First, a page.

William Eggleston, a titan of photography and a quintessential southern gentleman, took London by quiet storm last Thursday. For 2 ¼, his new show at David Zwirner Gallery, Eggleston showed a series of lushly coloured, rigourously composed, square-format colour photographs from the 1970s. The crowd parted at the arrival of the dapper 79-year-old at the private view who was supported on his silver-topped cane and sporting his trademark untied silk bow-tie. He arrived to inspect the recently reprinted larger versions of images of the cars, parking lots, individuals and family businesses that he had taken on a 2.25-inch medium-format camera more than four decades ago.
The next day there was even more of a throng at his 2 ¼ book signing with crowds snaking down the stairs and out into the street from the first-floor galleries. Here, armed with a pen and a pack of American Spirit cigarettes, Eggleston delivered signatures and—for a lucky few—some memorable utterings. “Red, there’s a lot of power in red. Just a dab, that’s all you need,” he intoned, while flicking through the pages of the 2 ¼ catalogue and alighting on an image of a vivid scarlet truck. We should of course not forget that arguably Eggleston’s most famous photograph is of a single light bulb dangling from a livid red ceiling. Then, when asked why he never captioned his photographs, he replied: “Words and photographs don’t mix. You cannot express the meaning of a photograph in words.”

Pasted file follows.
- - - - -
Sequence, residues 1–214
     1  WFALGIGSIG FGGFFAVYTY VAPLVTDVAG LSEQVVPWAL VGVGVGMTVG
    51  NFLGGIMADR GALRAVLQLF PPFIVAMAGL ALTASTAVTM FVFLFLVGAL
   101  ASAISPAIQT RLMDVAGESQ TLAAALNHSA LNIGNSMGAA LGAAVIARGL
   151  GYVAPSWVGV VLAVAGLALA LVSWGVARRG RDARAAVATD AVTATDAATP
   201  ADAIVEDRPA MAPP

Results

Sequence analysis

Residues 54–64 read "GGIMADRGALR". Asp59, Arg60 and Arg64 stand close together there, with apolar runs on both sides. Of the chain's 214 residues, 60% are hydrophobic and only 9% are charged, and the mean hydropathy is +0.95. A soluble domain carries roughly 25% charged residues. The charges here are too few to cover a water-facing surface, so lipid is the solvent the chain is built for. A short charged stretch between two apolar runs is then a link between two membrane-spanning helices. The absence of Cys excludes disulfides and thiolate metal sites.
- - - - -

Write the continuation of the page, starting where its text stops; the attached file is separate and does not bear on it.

Mr Eggleston was happy to sign books, posters, memorabilia, individual cameras and copies of Musik (2017) (his album of synthesiser compositions), all of which were limited to one item per person due to the huge attendance. However, the artist was none too keen at having his own photograph taken, preferring, as he said, to be represented by his images. This is not to say that appearances aren’t important to him, as he also made a visit to the offices of his friend Stella McCartney to select the fabric for his next suit before flying out of town.
• William Eggleston: 2 ¼, David Zwirner, London (11 April-1 June)